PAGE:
It's a good thing for the Democrats that their almost-nominee is a smart guy who's proven he can run a smart campaign. Because John McCain is making all the smart moves he needs to right now.
First of all, McCain is distancing himself from an extremely unpopular president in just the areas that make the most political sense for him. The public at large is concerned about global warming, so McCain addresses the issue with strong words. The public at large wants an end to the Iraq War, so McCain, who knows his unwavering support for it could cost him votes, now says we can win and be out of Iraq by the end of his potential first term. Placing his goal at a point halfway between "too hasty" and "never," McCain nails the rhetorically perfect length of time.
He also criticizes the Bush-Cheney drive towards an omnipotent presidency, declaring, "The powers of the presidency are rightly checked by the other branches of government." This is another safe position to take, given Bush's unpopularity and the fact that Americans have the phrase "checks and balances" imprinted into their consciousness from childhood.
Having gone against some right-wing positions, such as on immigration, McCain keeps the focus on areas where he's on safer ground, like pledging to appoint strict constructionist judges. This position strikes many on the left as extremist, but it isn't going to cost McCain any votes; both the radical-religious wing and the libertarian/business wing of the Republican Party can get behind it, while the idiot/bigot wing – one that encompasses Republicans, Democrats, and Independents, to be sure – probably doesn't care about it one way or the other.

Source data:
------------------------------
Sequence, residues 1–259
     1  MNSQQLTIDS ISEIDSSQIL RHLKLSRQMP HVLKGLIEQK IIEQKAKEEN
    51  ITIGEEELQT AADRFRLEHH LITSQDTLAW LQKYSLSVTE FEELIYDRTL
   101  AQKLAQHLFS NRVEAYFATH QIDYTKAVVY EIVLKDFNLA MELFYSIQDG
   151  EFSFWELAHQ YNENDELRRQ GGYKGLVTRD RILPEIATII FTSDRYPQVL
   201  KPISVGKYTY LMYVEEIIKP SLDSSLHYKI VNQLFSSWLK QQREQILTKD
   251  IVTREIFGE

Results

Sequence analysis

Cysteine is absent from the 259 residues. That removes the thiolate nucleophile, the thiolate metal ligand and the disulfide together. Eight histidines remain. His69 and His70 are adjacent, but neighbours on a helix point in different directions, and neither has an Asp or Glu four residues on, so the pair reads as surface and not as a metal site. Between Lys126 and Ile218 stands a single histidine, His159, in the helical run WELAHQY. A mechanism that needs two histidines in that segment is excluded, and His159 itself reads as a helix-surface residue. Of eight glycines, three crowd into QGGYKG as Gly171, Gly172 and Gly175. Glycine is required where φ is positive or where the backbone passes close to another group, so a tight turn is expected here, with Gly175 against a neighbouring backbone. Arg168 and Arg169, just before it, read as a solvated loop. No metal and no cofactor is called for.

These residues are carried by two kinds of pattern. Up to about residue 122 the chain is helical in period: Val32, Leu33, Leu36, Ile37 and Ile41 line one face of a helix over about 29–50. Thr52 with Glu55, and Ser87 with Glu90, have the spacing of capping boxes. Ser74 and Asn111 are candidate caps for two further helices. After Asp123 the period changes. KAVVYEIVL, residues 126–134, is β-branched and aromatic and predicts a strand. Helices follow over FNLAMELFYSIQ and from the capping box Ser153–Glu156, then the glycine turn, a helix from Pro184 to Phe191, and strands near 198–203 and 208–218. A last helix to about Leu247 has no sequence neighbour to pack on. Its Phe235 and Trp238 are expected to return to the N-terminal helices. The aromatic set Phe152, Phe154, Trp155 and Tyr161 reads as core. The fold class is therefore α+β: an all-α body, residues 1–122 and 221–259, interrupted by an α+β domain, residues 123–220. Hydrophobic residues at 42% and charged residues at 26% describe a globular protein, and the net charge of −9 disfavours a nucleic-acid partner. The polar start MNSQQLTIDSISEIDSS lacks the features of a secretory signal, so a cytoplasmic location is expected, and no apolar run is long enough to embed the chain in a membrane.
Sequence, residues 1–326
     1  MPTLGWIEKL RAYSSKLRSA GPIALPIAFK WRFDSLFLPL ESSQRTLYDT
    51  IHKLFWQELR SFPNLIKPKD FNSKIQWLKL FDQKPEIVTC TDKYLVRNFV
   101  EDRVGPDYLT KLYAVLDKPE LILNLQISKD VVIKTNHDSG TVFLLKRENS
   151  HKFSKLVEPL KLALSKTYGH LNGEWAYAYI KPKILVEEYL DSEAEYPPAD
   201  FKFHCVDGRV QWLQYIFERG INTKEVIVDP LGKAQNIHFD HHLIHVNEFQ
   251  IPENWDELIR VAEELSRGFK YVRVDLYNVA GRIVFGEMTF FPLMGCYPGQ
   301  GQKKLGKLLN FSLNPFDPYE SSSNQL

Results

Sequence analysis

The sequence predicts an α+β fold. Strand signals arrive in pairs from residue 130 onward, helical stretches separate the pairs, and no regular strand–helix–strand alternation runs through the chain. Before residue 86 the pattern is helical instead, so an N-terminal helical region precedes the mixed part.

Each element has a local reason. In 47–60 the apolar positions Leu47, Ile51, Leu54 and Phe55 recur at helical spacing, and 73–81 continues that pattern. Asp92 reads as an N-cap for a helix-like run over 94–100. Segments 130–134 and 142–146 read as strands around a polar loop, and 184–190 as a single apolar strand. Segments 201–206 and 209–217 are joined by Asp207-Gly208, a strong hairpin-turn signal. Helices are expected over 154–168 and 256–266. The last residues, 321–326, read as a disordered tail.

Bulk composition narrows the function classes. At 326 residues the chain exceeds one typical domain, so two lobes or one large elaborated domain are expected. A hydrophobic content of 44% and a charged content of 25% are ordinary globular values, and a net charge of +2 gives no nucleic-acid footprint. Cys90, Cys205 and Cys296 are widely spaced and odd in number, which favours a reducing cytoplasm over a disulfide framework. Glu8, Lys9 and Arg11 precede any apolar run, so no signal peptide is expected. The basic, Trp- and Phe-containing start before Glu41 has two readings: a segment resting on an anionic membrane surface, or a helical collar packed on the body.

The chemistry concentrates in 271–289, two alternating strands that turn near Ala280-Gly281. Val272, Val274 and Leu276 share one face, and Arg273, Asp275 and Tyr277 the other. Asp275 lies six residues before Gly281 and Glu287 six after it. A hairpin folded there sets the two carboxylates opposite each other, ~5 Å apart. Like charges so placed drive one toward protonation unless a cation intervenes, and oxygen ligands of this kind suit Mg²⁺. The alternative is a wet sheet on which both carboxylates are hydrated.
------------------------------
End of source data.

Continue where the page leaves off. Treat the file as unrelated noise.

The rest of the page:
McCain and his people have handled an incipient “preacher problem” in just the right way – by more or less ignoring it. He also hasn’t felt the need to address his pandering to the extremist Christian Right after having earlier taken a much more humane, distanced position from them.
The fact that his new Iraq War prediction represent yet another enormous flip-flop cannot have escaped his handlers, but on that issue, in the face of vast public discontent, he had to risk it. And he’ll probably get away with it, too. Who cares, now, that months ago McCain lambasted any primary opponent who dared to suggest a “timetable”? The public is focused on now and the near future. The next President will have to start getting us out of Iraq somehow, everyone knows it, and McCain has got to come up with a plan. Mentioning some dates, though, isn’t a plan. We’ve yet to learn how he intends to meet such goals.
Don’t hold your breath waiting for the answers. McCain may speak with the inflections of a “straight-shooter,” but he’s as cynical and conniving a political animal as any of them, and better at it than most. Democrats, however, are holding their breaths, waiting to see if their guy – very promising so far, but still young and relatively green – will turn out to be just as tough a bastard as McCain – or if he’s going to reveal a glass jaw.